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Healthy Aging Tips from Sit and Be Fit's Mary Ann Wilson RN
By Mary Ann Wilson, RN

If there’s one common physical weakness between people of all ages it would be poor posture. With the advent of technology in the form of computers, gaming devices, cell phones and i-pads, slumped shoulders, rounded backs and forward heads are no longer a condition reserved for the aging. The problems associated with this condition are many. No matter what our age, it will take mindfulness, determination, and practice to promote the habit of good posture.

Sitting with Good Posture
The normal curves of the spine should be maintained while seated. However, we usually can’t or don’t think about how we’re sitting, and the spine tends to assume the contour of the back support of the chair. If the support is inadequate, it is nearly impossible to maintain good posture over long periods of time. Significant time sitting with poor posture can cause over-stretching or shortening of ligaments and muscles, pain syndromes, and permanent postural changes.

Develop an awareness of what good posture feels like. Sit way back in the chair with feet flat on the floor and a small arch in the lower back. Some chairs are designed to support the normal curve of the lower back. If the chair is not supportive, a commercial low-back support pillow, a small pillow, or a rolled up bath towel may be used. Even placing the forearm or a rolled up jacket in the small of the back can provide temporary support for the lower back. Sitting with adequate support to the lower back promotes correct postural alignment of the upper back and neck.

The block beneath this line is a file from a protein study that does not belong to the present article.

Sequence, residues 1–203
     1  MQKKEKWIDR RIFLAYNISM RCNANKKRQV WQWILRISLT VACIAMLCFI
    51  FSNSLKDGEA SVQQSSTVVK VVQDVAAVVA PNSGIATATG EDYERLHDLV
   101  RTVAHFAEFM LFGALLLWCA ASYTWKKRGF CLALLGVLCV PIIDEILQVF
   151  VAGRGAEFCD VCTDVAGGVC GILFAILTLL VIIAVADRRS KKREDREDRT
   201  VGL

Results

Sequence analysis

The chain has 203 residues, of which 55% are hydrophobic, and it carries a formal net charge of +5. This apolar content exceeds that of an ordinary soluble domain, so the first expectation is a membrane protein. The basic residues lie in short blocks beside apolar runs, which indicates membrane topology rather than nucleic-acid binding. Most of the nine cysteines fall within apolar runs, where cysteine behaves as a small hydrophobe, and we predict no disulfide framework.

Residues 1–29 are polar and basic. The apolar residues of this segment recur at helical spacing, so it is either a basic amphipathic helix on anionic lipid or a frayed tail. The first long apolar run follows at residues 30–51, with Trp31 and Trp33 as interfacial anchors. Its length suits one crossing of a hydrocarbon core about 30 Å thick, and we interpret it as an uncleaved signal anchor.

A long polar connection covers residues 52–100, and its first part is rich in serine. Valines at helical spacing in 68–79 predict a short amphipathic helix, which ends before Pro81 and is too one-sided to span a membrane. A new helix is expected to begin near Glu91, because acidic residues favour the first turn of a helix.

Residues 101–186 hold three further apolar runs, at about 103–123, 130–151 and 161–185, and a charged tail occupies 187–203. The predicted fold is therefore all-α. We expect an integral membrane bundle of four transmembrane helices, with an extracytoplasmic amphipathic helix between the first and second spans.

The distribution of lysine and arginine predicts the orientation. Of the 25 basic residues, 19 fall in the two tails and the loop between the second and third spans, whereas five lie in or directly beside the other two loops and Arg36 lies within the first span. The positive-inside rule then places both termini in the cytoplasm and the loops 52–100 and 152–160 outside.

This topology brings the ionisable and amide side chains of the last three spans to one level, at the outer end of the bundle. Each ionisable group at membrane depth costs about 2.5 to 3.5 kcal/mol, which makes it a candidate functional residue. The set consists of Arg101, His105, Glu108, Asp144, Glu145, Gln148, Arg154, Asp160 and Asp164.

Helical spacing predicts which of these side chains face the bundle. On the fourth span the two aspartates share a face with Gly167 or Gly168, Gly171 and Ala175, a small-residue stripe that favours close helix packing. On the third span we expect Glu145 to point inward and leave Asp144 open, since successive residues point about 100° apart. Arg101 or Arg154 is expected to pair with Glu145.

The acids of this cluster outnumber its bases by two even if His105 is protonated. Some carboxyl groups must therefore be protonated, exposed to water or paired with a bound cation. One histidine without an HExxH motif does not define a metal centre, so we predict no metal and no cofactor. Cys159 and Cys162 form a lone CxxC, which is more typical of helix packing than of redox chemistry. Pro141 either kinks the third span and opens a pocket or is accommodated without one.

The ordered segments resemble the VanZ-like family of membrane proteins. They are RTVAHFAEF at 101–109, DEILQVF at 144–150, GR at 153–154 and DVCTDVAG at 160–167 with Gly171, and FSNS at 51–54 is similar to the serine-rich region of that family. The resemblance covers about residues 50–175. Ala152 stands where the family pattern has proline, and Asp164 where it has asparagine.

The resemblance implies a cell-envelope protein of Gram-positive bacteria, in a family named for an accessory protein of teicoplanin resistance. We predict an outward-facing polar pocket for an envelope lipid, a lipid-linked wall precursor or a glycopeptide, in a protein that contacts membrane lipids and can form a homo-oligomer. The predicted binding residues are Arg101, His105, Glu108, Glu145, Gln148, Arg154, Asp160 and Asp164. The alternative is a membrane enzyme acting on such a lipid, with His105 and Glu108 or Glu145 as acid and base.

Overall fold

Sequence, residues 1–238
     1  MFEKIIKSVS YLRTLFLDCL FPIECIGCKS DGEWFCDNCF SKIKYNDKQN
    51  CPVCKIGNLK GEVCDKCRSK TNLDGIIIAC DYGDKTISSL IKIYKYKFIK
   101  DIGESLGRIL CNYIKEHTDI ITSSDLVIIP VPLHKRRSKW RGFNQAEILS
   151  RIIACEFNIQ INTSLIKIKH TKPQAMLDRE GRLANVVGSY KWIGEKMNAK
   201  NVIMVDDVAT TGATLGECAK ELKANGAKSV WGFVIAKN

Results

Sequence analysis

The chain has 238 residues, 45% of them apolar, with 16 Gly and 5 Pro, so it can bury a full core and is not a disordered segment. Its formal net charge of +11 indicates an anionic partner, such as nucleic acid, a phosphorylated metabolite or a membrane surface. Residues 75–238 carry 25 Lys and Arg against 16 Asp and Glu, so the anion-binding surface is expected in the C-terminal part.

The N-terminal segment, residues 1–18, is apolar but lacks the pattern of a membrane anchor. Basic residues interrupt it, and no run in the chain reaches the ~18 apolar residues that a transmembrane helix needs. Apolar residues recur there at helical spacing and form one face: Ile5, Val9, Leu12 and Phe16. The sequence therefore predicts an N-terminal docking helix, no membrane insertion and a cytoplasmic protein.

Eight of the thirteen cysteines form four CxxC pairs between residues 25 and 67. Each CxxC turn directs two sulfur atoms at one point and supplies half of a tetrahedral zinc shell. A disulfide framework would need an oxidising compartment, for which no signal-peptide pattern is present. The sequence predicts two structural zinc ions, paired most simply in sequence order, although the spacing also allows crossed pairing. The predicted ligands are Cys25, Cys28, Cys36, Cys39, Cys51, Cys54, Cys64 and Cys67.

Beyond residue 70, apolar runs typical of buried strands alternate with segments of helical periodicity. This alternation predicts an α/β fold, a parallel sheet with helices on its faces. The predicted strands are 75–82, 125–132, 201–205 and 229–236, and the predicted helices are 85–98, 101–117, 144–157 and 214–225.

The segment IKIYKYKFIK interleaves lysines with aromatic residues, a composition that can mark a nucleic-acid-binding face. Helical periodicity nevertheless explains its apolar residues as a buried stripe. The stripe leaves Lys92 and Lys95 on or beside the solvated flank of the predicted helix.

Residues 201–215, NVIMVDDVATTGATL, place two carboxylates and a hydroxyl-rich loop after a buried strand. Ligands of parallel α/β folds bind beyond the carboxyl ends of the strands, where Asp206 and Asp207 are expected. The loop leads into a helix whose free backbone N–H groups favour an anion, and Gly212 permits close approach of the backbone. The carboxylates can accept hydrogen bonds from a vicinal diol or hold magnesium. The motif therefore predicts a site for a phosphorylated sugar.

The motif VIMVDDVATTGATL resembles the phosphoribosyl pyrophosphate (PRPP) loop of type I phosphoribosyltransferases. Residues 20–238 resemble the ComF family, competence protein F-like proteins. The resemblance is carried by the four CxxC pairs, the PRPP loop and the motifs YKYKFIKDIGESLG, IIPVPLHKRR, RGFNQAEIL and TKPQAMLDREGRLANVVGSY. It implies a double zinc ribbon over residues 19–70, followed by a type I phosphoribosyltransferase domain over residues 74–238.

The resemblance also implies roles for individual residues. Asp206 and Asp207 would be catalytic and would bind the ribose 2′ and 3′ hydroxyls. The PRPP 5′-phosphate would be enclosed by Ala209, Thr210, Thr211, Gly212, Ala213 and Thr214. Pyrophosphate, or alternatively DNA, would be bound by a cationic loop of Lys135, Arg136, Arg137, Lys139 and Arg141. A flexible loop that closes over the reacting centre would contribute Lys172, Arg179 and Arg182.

Standing with Good Posture
Standing with good posture also means that the normal spinal curves are present. Sometimes, the normal inward curve of the lower back may be exaggerated while standing. Prolonged standing with an excessive inward curve aggravates lower back pain. When standing for prolonged periods, place a small stool under one foot to decrease the excessive curve. This positioning can help to alleviate lower back pain by temporarily correcting the lower back posture.

Sleeping with Good Posture
Even when lying down and sleeping, the normal curves of the spine should be maintained to support good posture. The mattress should be firm enough that it does not sag under the heaviest part of the body, yet soft enough to accommodate the normal curves.

While lying on your back, the pillow should be fairly flat to keep the head in good alignment with the spine. If a thick pillow is used, a forward-head posture is promoted. Additional support for the natural inward curve of the neck may increase neck comfort. Commercial neck pillows with additional support around the edges are available. A bath towel, rolled from one end to the other, can be placed in the edge of the pillowcase to add neck support when using a standard pillow.

When side-lying, the head should also be kept in alignment with the rest of the spine. A thicker pillow may be necessary, especially for a larger person, to accommodate the distance from the neck to the tip of the shoulder. Extra support for the inward curve of the neck can be obtained, as above.

If lower back pain is present, additional low-back support may be beneficial while in bed. A large bath sheet or a beach towel can be rolled from one side to the other, forming a long tube. The tube can be wrapped around the waist and the ends taped or pinned together. The rolled up towel supports the inward curve of the low back when lying supine, and the inward curve of the waist when side-lying. Sometimes, placing pillows under the knees can also alleviate lower back pain. This should be a very short-term measure, however, because the position promotes soft tissue tightness of the hips and knees.

Related Blogs:

Sit and Be Fit Balance Tip: Posture

Posture Exercises

Gait and Posture Tips for Walking

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